After years of work, an MIT scientist has perfected a cheap way to convert and store clean energy using sunlight and water
-- much as a plant does during photosynthesis. According to Fast Company, professor Daniel Nocera used solar power captured during the day to split a water molecule into its basic elements -- oxygen and hydrogen. The hydrogen gas is stored in a fuel cell, which is used to provide energy at night. Although splitting a water molecule isn't revolutionary, this system's ability to split any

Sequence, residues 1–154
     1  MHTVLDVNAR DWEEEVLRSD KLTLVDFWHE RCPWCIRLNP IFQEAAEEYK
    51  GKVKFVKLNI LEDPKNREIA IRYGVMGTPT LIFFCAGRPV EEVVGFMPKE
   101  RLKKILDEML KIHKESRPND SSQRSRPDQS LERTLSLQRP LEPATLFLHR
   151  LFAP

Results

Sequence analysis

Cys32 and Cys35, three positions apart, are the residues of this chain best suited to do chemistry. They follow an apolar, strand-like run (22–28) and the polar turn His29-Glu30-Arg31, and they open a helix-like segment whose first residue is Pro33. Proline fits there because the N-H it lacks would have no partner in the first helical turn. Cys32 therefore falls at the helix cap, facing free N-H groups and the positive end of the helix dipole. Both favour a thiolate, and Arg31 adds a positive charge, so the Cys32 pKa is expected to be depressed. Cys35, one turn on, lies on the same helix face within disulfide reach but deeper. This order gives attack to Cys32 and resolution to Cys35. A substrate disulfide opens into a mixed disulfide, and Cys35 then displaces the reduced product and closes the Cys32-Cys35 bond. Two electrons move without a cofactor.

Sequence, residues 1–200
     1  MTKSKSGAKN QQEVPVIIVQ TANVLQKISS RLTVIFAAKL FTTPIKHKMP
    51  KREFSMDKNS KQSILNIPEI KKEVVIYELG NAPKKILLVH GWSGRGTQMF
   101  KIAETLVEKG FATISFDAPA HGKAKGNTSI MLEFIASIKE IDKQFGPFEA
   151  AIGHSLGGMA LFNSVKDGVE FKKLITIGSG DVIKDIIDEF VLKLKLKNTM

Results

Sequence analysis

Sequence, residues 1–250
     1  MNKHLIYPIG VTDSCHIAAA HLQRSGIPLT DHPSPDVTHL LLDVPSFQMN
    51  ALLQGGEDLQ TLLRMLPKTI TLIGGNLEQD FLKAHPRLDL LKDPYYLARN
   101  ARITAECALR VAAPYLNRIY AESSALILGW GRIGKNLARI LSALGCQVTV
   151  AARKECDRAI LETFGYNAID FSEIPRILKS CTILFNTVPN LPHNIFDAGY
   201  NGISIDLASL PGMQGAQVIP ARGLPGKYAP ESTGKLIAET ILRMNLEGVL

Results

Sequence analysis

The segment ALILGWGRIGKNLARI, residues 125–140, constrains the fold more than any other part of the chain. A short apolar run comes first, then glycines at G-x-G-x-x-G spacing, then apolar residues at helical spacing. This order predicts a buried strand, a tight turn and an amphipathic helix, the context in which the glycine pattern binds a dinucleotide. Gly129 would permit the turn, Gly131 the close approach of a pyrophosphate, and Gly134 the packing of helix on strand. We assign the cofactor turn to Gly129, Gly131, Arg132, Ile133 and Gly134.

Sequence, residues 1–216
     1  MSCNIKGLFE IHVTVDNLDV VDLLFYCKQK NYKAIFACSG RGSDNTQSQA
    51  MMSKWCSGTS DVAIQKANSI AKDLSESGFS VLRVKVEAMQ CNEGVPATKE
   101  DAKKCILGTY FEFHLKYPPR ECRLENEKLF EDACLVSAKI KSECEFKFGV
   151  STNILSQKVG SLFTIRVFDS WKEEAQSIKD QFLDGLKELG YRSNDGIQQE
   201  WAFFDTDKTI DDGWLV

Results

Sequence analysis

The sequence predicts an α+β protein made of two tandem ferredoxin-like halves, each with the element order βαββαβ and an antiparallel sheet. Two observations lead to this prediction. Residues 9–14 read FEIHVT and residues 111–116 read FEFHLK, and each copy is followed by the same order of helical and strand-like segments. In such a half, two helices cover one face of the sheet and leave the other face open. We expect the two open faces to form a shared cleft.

type of water -- even waste water or drinking water -- is what makes Nocera's system noteworthy. He recently said, "We have the capability to power a household with just two bottles of water from any source."
Nocera's company, Sun Catalytix, has received a multi-million dollar investment from India's Tata group, and in just a little more than a year, the energy system could, according to Business Standard, become available to consumers for as cheap as $20